It’s a bit unfair to call this “roof clutter” (as I do in the category list below), but what else can I call it? Maybe a new category is due called Rooves? Or is it Roofs?

On further reflection, I think that what this strange little circumstance shows is that chimney pots have swung wildly back and forth from being just severely practical, towards being highly ornamental (as well as practical) and then back again. Which means that umpiring between a plainly decorative tower top and a chimney gets very … odd.

Or something. Not sure. Just amused.

On how all new building on a large scale tends to start out looking meaningless

Here are some photos I took in and around City Island in 2017, while it was in the process of being constructed:

As you can see, there are maps and images as well as photos of the finished objects, to tell you what this place was going to be like. And cranes.

City Island is a particularly perfect illustration of what Modernist Architecture has now become, and as I have said here before, I quite like it. I especially like how City Island has what amounts to a moat around it, which gives it the appearance of a micro-Manhattan.

I entirely understand why Ancientists think that Ancientist architecture should also be allowed, and I’d also quite like to see more of that. But I suspect that if there were more of that, even the protagonists of such buildings would find themselves being somewhat disappointed, both in how others react and in how they find themselves feeling about what they were in theory so keen on seeing.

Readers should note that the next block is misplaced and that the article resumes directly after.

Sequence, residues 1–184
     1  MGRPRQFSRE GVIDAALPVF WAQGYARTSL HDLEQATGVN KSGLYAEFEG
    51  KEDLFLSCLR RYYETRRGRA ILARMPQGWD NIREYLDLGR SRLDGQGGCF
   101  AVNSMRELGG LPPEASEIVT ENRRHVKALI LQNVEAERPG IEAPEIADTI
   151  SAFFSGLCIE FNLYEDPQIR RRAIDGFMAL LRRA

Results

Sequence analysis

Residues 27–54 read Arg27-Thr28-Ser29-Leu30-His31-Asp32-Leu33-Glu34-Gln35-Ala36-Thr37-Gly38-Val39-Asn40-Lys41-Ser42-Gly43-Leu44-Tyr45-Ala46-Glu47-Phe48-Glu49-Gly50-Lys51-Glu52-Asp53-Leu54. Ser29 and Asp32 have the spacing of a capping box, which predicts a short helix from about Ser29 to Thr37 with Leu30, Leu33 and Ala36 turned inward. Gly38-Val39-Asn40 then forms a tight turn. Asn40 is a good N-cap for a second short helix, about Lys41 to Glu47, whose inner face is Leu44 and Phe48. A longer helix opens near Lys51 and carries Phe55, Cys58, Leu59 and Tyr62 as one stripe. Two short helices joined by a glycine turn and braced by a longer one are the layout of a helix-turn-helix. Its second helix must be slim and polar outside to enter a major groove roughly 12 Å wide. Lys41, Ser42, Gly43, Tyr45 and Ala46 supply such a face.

The basic aesthetic problem that new building of the sort we see on City Island is the sheer amount of it that is liable to be happening at any given moment. If lots of buildings are required, all for some similar purpose, then whatever gets built is liable to start out looking and feeling rather meaningless. And that emphatically will apply, I believe, if a mass of fake-Ancient buildings is what happens. That is awfully liable, at least to begin with, to look all fake and no Ancient. To look, in short, meaningless. So, why fight it? Why not build what makes economic sense, in a style that is rather bland, but efficient and reasonably smart looking, and be done with it?

What gives meaning to buildings is not just the way they look when they first appear; it is the life and the work that subsequently get lived and done in them. Because of those things, buildings acquire a particular character, and people start to have positive feelings about those buildings, provided of course the life and work they associate with the buildings is something they also have a positive feeling about.

If people hate what happens in new buildings, they’ll hate the buildings and yearn to see them destroyed, no matter what style they were built in.